Being a mission-led business can also help businesses in recruitment and retention, Jacobs says.

2:00PM: Fad diets to $400 million – Lessons from building a vitamin empire 
Jessica Sepel, founder of JSHealth Vitamins | Image source: Forbes Australia

A diary about her struggle with food spurred Jessica Sepel to create better health goals. 

“You name it, I tried it,” Jessica says about fad diets. When she started a blog, she wanted to tell people that there was a better, healthier way to live. 

Building a community came first for eight years, rather than building a company, and JSHealth Vitamins came later, four years ago. She was thinking she was happy staying small. 

“I felt there was a space in the industry to provide something better for my clients. I was tweaking formulations. I wanted to support my clients with really good formulations.”   

Now with a big team looking after the $400 million business, she stays true to “my calling, my passion”. 

She focuses on the customers to make her decisions, but is still getting her head around managing a team and aiming to build something with a wholesome culture.  

“I’m the creative and visionary. That’s a different side of your brain. I’m not good at operations. I want to be building formulations. I’m in a corporate job that is 24/7 … I’m allergic to strategy and business plans. I have to focus and hold onto my end goal vision.” 

Jessica says, “This was not aspirational, this happened to me accidentally … I take ingestible vitamins very, very seriously.” 

Jessica understands that she has a long way to go. “The journey is more fun than hitting the financial goals. I find it divine and joyful. I would tell entrepreneurs, ‘Enjoy the building.’ It’s a lot of fun.” 

1:00PM: Where’s the money – and how can you access it?
Rick Baker, co-founder of Blackbird Ventures | Image source: Forbes Australia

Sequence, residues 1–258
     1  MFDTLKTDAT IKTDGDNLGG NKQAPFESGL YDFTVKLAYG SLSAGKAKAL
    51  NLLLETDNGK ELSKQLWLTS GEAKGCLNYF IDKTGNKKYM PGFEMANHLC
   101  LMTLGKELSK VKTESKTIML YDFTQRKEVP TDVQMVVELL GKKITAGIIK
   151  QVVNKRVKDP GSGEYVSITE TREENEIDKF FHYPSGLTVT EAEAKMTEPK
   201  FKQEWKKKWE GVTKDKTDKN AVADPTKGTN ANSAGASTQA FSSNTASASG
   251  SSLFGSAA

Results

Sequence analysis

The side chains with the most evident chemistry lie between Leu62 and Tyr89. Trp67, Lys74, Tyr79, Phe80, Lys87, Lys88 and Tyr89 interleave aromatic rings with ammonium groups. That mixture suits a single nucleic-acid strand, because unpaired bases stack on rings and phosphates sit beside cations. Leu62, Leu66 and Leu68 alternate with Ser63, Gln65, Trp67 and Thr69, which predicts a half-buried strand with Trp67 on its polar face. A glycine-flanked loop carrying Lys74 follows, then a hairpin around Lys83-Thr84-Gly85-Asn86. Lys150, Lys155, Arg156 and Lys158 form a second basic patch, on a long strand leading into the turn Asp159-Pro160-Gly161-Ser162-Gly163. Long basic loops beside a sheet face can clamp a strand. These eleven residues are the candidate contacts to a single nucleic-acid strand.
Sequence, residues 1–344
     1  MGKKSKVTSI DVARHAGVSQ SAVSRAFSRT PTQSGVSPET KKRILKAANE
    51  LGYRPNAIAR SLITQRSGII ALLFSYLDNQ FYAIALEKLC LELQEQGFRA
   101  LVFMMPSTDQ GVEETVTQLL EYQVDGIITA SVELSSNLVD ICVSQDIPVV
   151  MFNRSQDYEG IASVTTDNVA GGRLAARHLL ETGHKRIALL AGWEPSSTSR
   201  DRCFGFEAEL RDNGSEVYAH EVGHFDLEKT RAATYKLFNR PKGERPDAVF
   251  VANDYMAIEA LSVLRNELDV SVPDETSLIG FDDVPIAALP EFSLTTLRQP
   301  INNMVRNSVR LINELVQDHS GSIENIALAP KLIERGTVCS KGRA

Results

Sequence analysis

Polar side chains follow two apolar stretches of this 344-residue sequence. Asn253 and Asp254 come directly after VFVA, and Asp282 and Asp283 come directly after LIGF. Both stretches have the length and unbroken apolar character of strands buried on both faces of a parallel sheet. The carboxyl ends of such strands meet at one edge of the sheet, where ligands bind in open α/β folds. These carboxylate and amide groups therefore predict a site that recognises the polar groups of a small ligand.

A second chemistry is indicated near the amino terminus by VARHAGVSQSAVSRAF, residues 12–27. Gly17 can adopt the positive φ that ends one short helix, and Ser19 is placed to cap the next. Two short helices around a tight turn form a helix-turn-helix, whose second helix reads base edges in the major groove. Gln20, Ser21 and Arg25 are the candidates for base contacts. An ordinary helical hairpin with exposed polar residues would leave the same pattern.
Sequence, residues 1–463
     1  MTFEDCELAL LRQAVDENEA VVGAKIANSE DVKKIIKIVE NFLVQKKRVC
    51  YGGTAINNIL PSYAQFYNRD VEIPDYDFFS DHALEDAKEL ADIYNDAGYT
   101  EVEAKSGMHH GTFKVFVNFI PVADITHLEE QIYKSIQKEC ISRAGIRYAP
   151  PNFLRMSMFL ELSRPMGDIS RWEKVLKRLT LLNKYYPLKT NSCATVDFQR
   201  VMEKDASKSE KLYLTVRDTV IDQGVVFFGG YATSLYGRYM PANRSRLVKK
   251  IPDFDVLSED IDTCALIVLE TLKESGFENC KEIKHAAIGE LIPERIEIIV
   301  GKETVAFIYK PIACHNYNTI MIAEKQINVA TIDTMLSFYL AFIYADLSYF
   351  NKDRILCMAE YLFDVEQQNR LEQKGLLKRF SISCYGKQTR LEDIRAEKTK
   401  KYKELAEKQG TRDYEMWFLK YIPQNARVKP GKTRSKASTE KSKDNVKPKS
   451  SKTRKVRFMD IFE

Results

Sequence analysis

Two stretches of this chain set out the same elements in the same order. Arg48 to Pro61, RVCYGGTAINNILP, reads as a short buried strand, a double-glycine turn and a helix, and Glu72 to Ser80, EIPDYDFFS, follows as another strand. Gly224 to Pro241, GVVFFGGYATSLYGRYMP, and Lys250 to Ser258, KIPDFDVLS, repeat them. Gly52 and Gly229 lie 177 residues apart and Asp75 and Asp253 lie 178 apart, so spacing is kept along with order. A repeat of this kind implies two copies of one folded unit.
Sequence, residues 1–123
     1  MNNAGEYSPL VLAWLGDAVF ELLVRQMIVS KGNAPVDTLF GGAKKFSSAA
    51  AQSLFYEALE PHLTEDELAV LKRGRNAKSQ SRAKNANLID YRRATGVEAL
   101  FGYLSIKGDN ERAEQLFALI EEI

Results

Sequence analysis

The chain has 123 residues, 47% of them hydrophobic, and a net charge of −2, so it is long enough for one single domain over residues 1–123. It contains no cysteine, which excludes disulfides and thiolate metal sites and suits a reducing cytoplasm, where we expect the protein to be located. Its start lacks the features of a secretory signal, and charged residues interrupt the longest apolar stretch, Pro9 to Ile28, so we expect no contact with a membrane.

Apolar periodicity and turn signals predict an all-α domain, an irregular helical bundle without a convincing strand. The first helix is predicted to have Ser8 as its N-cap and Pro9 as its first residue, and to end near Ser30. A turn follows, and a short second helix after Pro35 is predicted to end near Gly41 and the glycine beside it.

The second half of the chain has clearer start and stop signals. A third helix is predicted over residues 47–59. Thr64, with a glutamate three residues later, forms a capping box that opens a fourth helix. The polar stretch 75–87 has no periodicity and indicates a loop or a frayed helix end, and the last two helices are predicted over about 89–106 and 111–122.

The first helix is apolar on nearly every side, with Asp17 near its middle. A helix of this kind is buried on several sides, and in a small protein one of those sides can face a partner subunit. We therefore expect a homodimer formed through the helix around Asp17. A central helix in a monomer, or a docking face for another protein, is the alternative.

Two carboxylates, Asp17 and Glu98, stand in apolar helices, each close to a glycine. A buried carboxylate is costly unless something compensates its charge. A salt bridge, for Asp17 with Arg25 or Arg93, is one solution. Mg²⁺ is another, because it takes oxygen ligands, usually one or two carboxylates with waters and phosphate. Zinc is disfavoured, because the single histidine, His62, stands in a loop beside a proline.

Australia’s top venture capitalists will be looking to invest in software technology, healthcare solutions, artificial intelligence and environmental solutions in 2023, but founders will need to “live and breathe” their ideas in order for investors to take notice, delegate at today’s Forbes Australia Business Summit heard.   

Three of the country’s most prominent venture capitalists, Rick Baker (Blackbird Ventures), Elicia McDonald (AirTree Ventures) and Kim Jackson (Skip Capital) have provided some insight into what they are looking for when investing and the areas of growth they predict for 2023.  

What do the VC’s want to see in founders? 

  • Founders who live and breathe their idea and feel an overarching need to solve a problem (Rick Baker, Blackbird Ventures) 
  • Don’t be secretive: “someone says I have a really amazing idea, but say ‘I can’t tell you about it because it is super-secret'”. Signing non-disclosure agreements is rare in (Rick Baker, Blackbird Ventures) 
  • Founders with some naivety but a curiosity to learn more are appealing. Knowing what they don’t know but having the “passion and drive” to execute a plan is important (Rick Baker, Blackbird) 
  • Being able to articulate what you do very well and the ability to talk about how you plan on making that happen (Elicia McDonald, AirTree) 
  • Having lived through some challenges and learned from it is appealing (Elicia McDonald, AirTree)  
  • Passionate founders looking to solve large, painful problems who are looking to make the world a better place (Kim Jackson, founder Skip Capital) 
  • Founders should be able to succinctly describe the problem they intend to fix and how in two paragraphs (Kim Jackson, Skip Capital) 
  • The ability to think differently about solving common problems (Kim Jackson, Skip Capital) 
  • Don’t forget the name of the person you’re talking to, or the company – which can be common when talking to numerous potential VC investors (Kim Jackson, Skip Capital)  

What do VC’s want to see in the ideas or businesses they invest in?  

  • A vision for a business that can offer something that is 10 times better than what is available (Elicia McDonald, AirTree)
  •  Ability to allocate 10-20% in ownership to investors and have access to a very large market (Elicia McDonald, AirTree)
  • Businesses should thoroughly understand the VC’s they choose to work with. These relationships usually last around 10 years (Elicia McDonald, AirTree)

The current market is tough, but opportunities do exist  

  • Areas of potential investment include software, AI and surrounding infrastructure models,  Agtech, environmental solutions and healthcare  
  • 2021 was a huge boom for tech, however 2022 is vastly different, with job layoffs and economic pressure  
  • Some companies will not be able to secure funding, but for those that can – take it now (Rick Baker, Blackbird)